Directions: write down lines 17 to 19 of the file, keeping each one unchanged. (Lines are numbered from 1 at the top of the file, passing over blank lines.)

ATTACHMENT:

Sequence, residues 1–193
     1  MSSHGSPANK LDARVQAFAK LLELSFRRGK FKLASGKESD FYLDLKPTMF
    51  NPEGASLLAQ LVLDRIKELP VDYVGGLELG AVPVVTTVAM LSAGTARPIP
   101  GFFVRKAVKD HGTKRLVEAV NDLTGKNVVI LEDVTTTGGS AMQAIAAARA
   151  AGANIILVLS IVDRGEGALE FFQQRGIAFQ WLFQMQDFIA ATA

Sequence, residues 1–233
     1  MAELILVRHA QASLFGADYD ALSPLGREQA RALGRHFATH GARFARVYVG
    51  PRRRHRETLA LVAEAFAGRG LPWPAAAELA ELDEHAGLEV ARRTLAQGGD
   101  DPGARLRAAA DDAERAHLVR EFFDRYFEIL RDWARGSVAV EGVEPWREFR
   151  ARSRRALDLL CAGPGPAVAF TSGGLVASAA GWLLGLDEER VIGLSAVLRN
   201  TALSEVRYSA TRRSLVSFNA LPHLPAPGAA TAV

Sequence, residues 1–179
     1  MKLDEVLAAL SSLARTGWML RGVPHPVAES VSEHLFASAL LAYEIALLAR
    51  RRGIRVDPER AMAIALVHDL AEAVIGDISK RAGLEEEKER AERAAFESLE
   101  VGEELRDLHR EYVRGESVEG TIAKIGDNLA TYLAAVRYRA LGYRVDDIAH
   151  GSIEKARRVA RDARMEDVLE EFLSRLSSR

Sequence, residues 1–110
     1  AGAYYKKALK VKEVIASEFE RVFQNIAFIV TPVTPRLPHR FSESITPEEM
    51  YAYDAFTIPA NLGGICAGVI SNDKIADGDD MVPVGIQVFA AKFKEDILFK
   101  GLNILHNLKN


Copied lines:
Sequence, residues 1–110
     1  AGAYYKKALK VKEVIASEFE RVFQNIAFIV TPVTPRLPHR FSESITPEEM
    51  YAYDAFTIPA NLGGICAGVI SNDKIADGDD MVPVGIQVFA AKFKEDILFK